John Waters’s career in Irish journalism lasted for more than 30 highly successful years before he quit what he thinks has become an “ideological cesspit”. Waters is now one of the country’s “last men standing” in defending the Catholic faith, though he is unsparing in his criticism of the Irish Church. His new book Give Us Back the Bad Roads will be published this month.

With the dust settling on the referendums that took a wrecking ball to Catholic Ireland, I wanted to ask Waters to survey the ruins. We had the following exchange over email.

Chesterton once wrote that a religion is dead “when it has ceased to dwell on the positive and happy side of its visions, and thinks only of the stern or punitive side”. Does this description fit the fate of Irish Catholicism, at least in part?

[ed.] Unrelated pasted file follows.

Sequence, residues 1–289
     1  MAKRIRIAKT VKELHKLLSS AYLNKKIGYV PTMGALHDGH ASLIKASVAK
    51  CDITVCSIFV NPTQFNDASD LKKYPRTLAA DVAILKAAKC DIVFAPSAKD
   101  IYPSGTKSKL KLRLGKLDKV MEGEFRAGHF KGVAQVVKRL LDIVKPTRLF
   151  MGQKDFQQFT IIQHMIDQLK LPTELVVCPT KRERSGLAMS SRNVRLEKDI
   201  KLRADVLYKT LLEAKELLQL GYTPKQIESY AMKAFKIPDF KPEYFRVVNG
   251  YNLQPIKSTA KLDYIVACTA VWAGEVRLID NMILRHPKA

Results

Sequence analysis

JOHN WATERS In part, yes. In the post-famine period, the Church was forced into the role of moral government and required to restore order in what had become a deeply chaotic situation. One of the legacies of this is that the moralistic note became dominant in Irish Catholicism. In truth, we were told very little about the joyousness of the Christian proposal. We were never taught to connect Christianity with the wonder and mystery and glory of life. We just assumed that reality was some dark and forbidding state that was ameliorated by the prospect of the next life. Nobody told us that eternity had actually begun.

Do you see any figures emerging from the clergy and hierarchy in Ireland who might explain Catholicism better, who might take the fight back to the people in that way?

JW There are a couple of bishops now who offer some hope, but they appear to be oppressed by the collegiality of mediocrity that defines the episcopal whole. They are thoughtful and intelligent and wise, but they need to take their courage in their hands and help us to wrest the Church from the grasp of the mediocrities.

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